The group’s scientific interests are framed in three major areas of chemistry such as organofluorine chemistry, hybrid (nano)materials and sustainable catalysis which are interconnected. We aim to generate knowledge to address some of the challenges within the Horizon Europe’s clusters “Health” and “Climate, Energy & Mobility”.
In the field of organofluorine chemistry and new materials, we have developed and studied hydrophobic dyes derived from classical colorants. The motivation is the staining of surfaces (cotton, glass, paper…) in order to obtain improved properties such as self-cleaning, fluorescence and anti-corrosion properties. The introduction of reactive groups for covalent attachment of the dye to the surfaces prevents discoloration. More recently, we have functionalized cotton textiles directly with biological active compounds (normally possessing fluorine in their structure) or with Ag nanoparticles or with modified silica nanoparticles to achieve plasters or bandages with anti-microbial or anti-inflammatory properties. We also explore new organic fluorinated polymers with application to gas adsorption and photocatalytic reactions towards the formation of solar fuels such as hydrogen gas or methanol.
Another milestone in the research line of organofluorine chemistry is the design and preparation of fluorinated analogues of drugs to increase their lipophilicity, bioavailability, and metabolic stability. Thus, we are interested in the development of new synthetic methodologies to introduce fluorine or fluorinated groups, including mechanistic studies. We have experience in stereoselective catalytic processes and we now we focus our research in photocatalytic methods.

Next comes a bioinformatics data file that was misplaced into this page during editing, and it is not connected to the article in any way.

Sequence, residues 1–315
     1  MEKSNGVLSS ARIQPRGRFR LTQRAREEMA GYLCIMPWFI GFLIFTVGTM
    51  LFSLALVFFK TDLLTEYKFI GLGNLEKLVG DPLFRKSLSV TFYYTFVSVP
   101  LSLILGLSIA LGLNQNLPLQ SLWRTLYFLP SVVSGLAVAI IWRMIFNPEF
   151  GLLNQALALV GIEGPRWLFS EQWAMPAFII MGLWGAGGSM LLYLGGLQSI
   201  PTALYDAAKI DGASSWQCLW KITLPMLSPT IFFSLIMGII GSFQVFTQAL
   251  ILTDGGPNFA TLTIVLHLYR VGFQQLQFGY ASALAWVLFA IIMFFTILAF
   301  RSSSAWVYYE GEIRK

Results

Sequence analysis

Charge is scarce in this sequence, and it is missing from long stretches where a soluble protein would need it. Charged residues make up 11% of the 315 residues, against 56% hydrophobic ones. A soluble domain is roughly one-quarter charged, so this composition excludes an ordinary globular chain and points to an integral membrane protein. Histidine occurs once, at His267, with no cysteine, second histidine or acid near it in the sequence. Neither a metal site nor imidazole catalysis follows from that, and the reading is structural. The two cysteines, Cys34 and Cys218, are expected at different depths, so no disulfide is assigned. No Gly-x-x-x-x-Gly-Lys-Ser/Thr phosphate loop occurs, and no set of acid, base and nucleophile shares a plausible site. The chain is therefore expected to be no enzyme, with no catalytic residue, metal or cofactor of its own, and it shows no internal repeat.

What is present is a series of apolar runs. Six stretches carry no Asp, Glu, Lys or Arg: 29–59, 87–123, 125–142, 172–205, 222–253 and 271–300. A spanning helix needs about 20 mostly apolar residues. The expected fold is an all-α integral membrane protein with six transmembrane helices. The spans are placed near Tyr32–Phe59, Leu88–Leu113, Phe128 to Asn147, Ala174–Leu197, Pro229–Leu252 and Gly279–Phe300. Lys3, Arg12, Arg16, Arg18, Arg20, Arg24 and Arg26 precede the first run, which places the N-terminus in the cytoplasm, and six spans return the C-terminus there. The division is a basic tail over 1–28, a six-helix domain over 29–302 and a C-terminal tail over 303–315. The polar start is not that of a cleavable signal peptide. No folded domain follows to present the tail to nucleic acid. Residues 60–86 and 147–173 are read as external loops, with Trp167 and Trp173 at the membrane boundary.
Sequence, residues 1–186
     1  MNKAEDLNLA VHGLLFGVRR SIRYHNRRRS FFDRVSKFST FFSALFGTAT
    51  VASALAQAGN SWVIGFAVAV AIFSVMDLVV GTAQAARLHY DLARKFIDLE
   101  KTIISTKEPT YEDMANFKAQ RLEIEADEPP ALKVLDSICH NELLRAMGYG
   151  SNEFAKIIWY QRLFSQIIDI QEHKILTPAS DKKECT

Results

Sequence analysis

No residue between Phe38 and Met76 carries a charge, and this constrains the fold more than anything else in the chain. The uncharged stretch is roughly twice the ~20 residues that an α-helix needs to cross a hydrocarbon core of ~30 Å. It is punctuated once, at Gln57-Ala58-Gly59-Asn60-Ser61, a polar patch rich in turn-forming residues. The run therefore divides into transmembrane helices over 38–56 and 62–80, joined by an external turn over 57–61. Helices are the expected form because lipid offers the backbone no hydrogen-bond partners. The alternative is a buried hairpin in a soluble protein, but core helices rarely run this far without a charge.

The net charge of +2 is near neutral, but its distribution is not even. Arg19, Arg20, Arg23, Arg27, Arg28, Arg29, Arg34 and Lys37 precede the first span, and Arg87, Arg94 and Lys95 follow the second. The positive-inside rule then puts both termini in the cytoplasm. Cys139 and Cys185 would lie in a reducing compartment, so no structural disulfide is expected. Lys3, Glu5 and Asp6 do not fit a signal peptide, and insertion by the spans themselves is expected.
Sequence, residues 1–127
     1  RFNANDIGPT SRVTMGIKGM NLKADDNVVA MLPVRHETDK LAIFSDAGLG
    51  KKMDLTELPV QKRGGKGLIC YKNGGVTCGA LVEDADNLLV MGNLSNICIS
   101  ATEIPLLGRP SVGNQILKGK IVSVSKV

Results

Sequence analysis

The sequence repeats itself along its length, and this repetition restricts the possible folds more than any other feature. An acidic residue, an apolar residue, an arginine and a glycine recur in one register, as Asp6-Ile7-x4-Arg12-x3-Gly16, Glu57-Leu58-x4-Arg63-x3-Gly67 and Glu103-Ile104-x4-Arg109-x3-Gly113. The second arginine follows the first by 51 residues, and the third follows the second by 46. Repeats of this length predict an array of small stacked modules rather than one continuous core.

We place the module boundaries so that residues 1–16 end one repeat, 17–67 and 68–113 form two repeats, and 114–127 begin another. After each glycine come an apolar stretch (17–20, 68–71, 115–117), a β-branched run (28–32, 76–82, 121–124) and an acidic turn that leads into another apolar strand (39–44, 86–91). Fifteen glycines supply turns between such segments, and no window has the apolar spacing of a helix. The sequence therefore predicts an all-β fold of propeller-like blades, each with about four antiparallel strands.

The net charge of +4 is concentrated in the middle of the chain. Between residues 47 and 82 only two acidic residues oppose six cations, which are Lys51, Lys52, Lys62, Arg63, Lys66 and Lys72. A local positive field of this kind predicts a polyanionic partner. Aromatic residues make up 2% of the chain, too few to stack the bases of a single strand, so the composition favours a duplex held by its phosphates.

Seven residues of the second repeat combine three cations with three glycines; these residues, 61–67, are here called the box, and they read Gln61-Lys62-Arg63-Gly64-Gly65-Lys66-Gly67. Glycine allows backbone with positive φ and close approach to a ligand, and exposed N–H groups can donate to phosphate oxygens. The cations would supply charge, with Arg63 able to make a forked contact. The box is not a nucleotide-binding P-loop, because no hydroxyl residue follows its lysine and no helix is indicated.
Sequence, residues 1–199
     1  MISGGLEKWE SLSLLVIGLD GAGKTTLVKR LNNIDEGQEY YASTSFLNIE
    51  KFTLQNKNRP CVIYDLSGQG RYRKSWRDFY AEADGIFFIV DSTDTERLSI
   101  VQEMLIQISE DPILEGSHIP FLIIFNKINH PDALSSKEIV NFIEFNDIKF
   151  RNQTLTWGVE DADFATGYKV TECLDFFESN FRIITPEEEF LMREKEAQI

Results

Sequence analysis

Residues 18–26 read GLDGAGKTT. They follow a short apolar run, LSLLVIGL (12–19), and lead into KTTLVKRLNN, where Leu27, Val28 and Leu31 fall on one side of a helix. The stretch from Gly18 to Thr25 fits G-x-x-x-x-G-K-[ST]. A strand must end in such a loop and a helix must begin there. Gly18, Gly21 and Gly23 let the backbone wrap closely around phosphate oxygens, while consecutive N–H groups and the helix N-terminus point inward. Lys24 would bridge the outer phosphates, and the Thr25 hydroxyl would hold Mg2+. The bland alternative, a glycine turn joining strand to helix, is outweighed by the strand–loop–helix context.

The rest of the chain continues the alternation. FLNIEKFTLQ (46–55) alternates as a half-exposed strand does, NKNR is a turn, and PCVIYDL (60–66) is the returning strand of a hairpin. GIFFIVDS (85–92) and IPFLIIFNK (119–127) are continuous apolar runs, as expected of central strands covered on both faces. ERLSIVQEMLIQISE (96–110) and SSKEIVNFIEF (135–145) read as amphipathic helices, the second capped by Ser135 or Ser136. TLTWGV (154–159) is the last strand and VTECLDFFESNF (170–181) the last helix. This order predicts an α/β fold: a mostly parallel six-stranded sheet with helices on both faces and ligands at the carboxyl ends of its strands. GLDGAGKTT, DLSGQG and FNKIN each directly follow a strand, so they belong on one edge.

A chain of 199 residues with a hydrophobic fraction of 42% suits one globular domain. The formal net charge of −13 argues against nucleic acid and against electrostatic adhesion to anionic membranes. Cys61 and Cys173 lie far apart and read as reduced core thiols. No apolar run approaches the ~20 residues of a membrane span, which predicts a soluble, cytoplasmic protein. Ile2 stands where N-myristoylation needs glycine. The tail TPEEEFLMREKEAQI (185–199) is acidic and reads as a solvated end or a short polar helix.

In the field of nanotechnology and new materials, we are working on the synthesis, characterization, and application in catalysis of metal nanoparticles, mesoporous silica nanoparticles (MSN) and organic semiconducting materials such as covalent organic frameworks (COFs) or conjugated microporous polymers (CMP). Advances in catalysis, either with transition metals or simple organic molecules (organocatalysis) have an impact on the development of efficient, affordable, and sustainable industrial processes. Due to its high surface area, derived from the nanometer-size, the nanoparticles have a large number of catalytic sites on its surface, increasing the overall catalytic efficiency. One of the main goals is to prepare nanoparticles and materials compatible in sustainable media such as water, allowing the use of aqueous media in various catalytic processes, and an easy recycling of the nanocatalyst.
The application scope of the research lines described above goes from biomedical applications all the way to artificial photosynthesis.